Into a Black Hole

I was on a C-141A trip with Phil F. when we were tasked to fly into Bien Hoa, South Vietnam one night. Not a ‘big deal.’

Upon contact with Bien Hoa Approach we were vectored to the airfield for an right-hand Base turn to final approach. Apparently there was Viet Cong (VC) activity in the area that night and they wanted to keep us in close to the airfield. In retrospect, dumb!

Once again I was flying from the left seat. Phil, in the copilot’s seat, picked up the runway off to his right and gave me insight as to when to configure, and turn. Everything was going fine, for the first part of the final turn. I was struggling to look across the cockpit to pick up the runway, while maintaining a descent and airspeed. The problem was, there was almost nothing out there off the runway to give cues as to my sink rate. No horizon, just what we call a “black hole.”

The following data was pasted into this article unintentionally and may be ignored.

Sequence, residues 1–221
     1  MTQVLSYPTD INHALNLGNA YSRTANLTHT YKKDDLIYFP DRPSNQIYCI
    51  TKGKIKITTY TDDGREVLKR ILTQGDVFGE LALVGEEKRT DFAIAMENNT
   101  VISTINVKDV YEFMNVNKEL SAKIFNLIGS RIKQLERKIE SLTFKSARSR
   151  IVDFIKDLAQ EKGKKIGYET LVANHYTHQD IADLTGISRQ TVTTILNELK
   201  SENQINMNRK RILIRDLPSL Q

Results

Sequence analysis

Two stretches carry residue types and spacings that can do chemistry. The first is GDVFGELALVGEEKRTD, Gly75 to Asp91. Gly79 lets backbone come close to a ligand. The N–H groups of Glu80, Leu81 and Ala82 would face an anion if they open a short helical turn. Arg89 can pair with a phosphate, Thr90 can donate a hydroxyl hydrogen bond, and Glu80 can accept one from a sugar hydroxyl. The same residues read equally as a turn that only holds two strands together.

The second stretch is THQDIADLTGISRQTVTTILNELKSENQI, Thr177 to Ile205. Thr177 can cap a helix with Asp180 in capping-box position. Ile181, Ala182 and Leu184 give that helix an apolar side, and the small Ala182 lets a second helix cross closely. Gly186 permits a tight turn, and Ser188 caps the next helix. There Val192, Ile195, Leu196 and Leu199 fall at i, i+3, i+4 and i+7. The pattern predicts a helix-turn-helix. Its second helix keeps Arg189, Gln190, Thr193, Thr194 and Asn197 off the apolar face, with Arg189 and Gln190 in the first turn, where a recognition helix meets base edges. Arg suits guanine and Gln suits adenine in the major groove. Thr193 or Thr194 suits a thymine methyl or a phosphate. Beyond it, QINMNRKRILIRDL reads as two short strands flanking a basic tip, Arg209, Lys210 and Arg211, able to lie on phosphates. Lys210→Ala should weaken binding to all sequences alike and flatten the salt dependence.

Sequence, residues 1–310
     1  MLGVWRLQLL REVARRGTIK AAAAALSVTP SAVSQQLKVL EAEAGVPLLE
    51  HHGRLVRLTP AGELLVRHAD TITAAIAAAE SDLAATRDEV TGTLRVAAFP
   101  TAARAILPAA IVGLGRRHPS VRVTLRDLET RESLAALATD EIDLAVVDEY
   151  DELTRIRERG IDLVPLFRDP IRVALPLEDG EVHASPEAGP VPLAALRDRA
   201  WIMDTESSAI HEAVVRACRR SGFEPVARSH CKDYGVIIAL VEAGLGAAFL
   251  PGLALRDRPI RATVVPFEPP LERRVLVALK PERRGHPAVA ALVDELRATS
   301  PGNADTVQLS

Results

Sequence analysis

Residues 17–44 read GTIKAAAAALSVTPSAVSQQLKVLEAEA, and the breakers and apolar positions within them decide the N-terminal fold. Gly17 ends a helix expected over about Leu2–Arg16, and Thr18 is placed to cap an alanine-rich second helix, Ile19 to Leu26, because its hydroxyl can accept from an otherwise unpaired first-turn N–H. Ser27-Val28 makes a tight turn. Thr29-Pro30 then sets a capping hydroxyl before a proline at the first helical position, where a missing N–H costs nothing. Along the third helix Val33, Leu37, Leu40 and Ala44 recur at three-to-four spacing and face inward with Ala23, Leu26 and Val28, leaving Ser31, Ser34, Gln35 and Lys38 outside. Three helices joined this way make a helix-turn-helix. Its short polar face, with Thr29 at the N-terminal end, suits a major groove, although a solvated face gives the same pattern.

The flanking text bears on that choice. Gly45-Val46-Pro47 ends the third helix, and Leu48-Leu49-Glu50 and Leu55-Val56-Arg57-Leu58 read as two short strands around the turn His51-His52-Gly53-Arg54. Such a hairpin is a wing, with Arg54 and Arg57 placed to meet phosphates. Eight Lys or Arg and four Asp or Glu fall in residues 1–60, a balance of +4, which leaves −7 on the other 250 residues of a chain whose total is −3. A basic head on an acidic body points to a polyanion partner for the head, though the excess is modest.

As I became totally focused on finding the runway, Phil glanced in at the instruments and saw that we were in a 60-degree descending right-bank turn! Really not good! He called it out and I immediately reduced the bank angle and added power, arresting the sink rate. Then reacquiring the runway, we landed with our further incident. We were lucky that night as many others, before us and after us, have flown into “black holes” and were not as fortunate…

As a post script: After we offloaded our cargo and took on a new load, we were taxing out for departure when we spotted a snake on the taxiway. I have always thought of it as a cobra. Maybe, or maybe not, doesn’t matter – we slid over a bit and mashed it with the nose gear…

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1 Response to Into a Black Hole

  1. Tom Butcher says:

    I had a King Cobra stand up in front of me at NKP Thailand. Scared the living hell out of me! USAF of course.

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